2012 Fantasy Power Forward Rankings

No power forward has been selected to the All-NBA First team in four seasons but that doesn’t mean the position hasn’t shown its dominance.

The top ranked power forward finished sixth in league MVP voting last season even though his team failed to qualify for the post season. 

Fantasy owners looking for consistent production should rely heavily on the position as three of the top five players in total double-doubles last season were power forwards.

With plenty of scoring, rebounding and shot blocking options along with nine of the top-10 having appeared in at least one All-Star contest, owners shouldn’t be cautious by the lack of All-NBA First Team players, as there is plenty of talent to choose from.

30. Patrick Patterson– Houston Rockets

The advanced statistics for Patterson indicated he could become a force at power forward following his rookie season. Patterson’s true shooting percentage was 57 percent and his advanced PER was 15.67. Once his playing time increased, to 23.3 minutes per game last season, it failed to translate on the floor, as he averaged just 7.7 points and 4.5 rebounds per game.

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29. Bismack Biyombo– Charlotte Bobcats

True shot blockers are such a rarity that Biyombo was selected with the seventh overall pick, knowing the rest of his game would be a project. Even though he averaged just 23 minutes per game, he finished eighth in the league averaging 1.8 blocks per contest. The only problem for Biymbo is opponents have a similar success rate on the defensive end, as 11.9 percent of his field goal attempts were blocked.

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28. Jonas Jerebko– Detroit Pistons

The Pistons were the fourth worst rebounding team in the league last season and a major part of it was the lack of production from the power forward position. If Jerebko can’t improve upon his 4.8 rebound per game average, look for Detroit to insert Andre Drummond, the eighth overall selection of the 2012 NBA Draft, into the starting lineup for production off the glass.

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27. Spencer Hawes– Philadelphia 76ers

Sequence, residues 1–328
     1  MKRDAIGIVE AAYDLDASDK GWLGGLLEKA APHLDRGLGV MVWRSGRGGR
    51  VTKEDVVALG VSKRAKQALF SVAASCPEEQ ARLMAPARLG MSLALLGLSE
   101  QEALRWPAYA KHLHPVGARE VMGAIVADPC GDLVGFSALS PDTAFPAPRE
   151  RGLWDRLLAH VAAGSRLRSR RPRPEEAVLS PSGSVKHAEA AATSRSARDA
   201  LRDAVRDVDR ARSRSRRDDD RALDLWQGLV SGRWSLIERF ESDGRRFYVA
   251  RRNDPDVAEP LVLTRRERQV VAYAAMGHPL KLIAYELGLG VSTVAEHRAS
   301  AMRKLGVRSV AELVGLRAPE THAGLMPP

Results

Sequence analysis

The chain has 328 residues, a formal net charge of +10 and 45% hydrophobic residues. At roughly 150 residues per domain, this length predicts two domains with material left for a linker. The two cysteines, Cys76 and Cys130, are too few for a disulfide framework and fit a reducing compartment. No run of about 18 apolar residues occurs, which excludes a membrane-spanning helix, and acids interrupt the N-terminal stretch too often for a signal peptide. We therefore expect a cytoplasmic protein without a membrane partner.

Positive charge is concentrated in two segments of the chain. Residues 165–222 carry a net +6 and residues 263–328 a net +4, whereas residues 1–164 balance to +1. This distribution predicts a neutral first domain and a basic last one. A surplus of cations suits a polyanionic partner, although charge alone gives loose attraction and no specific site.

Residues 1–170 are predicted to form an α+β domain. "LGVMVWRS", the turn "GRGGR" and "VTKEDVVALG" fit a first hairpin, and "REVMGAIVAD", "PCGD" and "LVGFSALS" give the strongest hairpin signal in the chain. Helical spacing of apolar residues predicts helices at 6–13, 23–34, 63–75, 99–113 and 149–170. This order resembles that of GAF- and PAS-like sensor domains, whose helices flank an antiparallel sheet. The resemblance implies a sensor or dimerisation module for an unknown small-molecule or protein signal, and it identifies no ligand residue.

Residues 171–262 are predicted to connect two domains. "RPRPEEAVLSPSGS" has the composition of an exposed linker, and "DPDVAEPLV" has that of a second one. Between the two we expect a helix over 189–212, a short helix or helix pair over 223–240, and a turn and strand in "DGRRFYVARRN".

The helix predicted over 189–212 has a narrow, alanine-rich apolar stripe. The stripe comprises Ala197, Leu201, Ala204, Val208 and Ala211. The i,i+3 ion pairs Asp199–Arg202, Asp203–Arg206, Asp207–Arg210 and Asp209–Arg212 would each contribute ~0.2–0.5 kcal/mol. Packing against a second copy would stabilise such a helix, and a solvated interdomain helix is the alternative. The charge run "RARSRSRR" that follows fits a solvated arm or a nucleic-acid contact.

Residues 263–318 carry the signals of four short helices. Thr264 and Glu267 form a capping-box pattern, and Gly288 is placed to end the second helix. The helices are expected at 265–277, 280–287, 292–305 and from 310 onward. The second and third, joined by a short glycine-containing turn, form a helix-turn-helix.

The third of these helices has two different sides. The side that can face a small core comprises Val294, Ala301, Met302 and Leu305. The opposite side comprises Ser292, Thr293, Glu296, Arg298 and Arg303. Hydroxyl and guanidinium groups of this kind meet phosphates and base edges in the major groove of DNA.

Philadelphia may be the only team in the league with two 7-footers in its starting lineup. The acquisition of Andrew Bynum should create plenty of open looks for the excellent mid-range shooter. Hawes shot 45 percent on all attempts outside of the paint.

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26. Tristan Thompson– Cleveland Cavaliers

Offensive rebounds are all about effort and with 187 last season, Thompson was the only player in the league to compile over 160 while averaging less than 25 minutes per game. The fourth overall pick of the 2011 NBA Draft needs to fine tune his offensive game, as he shot just 43 percent from the field even though only 27 of his 315 field goal attempts came outside of the paint.

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25. Brandon Bass– Boston Celtics

Boston finished as the worst rebounding team in the league last season, finishing as the only team not to average at least 39 per game. Although Bass possesses the skill set to be an excellent rebounder, his 6.2 average from last season marked a career-high. If Boston continues to struggle on the glass, look for Jared Sullinger, a rookie out of Ohio State, to make a push into the starting lineup.

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24. Thomas Robinson– Sacramento Kings

If Robinson struggles as a rookie, it won’t be for a lack of confidence. Prior to the NBA Draft, the 6-foot-10 Robinson said he should be the favorite for Rookie of the Year honors. He may have a point after averaging 17.7 points and 11.9 rebounds per game last season at Kansas.

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23. Nene– Washington Wizards

A shift back to power forward may serve Nene well. Having played center in Denver for a majority of his career, he entered free agency as one of the premier players despite never averaging 15 points or eight rebounds per game. Once he arrived in Washington, his numbers experienced a slight uptick, as he posted 14.5 points and 7.5 rebounds per game with  the Wizards.

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22. David West– Indiana Pacers

West was brought to the Pacers to provide some much needed veteran experience. As Indiana threatened Miami in the post season, it was West that served as the catalyst. In 11 post season appearances, he averaged 15.3 points, 8.5 rebounds and two assists per game.

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21. Ersan Ilyasova– Milwaukee Bucks